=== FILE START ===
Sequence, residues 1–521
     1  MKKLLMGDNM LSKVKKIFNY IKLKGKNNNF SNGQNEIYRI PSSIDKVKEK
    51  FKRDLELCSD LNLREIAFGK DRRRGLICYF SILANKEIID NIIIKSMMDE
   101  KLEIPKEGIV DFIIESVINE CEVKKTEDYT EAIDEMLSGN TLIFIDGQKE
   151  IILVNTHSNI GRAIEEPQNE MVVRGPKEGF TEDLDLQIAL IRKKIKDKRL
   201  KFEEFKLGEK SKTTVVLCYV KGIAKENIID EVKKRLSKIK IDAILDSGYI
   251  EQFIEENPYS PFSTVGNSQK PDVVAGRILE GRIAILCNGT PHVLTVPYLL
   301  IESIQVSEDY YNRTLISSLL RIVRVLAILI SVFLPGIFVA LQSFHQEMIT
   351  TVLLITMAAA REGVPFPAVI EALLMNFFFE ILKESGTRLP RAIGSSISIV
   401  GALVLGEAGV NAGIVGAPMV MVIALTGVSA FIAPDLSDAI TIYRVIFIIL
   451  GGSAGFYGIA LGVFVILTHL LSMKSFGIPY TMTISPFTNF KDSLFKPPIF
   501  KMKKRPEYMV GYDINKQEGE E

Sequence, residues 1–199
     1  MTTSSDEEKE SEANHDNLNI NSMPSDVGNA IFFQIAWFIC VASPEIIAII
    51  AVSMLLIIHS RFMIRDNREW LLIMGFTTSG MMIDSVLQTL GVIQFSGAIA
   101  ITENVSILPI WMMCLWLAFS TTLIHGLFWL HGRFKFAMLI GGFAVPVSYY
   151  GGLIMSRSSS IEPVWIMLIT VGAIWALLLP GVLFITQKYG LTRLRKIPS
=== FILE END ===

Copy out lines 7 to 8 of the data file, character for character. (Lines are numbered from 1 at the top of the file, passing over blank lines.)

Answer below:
   251  EQFIEENPYS PFSTVGNSQK PDVVAGRILE GRIAILCNGT PHVLTVPYLL
   301  IESIQVSEDY YNRTLISSLL RIVRVLAILI SVFLPGIFVA LQSFHQEMIT